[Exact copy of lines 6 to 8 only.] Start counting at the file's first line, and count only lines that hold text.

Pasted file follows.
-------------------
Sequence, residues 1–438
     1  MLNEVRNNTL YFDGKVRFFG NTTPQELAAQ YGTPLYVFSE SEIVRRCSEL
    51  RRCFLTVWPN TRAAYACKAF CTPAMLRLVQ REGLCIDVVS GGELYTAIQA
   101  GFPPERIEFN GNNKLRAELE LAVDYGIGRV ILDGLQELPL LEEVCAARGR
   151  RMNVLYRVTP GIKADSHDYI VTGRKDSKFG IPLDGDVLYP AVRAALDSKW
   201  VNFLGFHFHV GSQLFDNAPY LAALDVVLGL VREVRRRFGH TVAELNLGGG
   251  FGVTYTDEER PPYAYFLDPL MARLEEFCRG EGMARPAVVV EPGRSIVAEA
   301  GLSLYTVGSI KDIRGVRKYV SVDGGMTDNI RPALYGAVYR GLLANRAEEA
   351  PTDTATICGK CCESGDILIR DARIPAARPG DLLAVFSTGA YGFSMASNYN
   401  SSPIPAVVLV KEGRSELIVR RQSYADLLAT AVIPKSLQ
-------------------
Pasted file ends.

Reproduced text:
   201  VNFLGFHFHV GSQLFDNAPY LAALDVVLGL VREVRRRFGH TVAELNLGGG
   251  FGVTYTDEER PPYAYFLDPL MARLEEFCRG EGMARPAVVV EPGRSIVAEA
   301  GLSLYTVGSI KDIRGVRKYV SVDGGMTDNI RPALYGAVYR GLLANRAEEA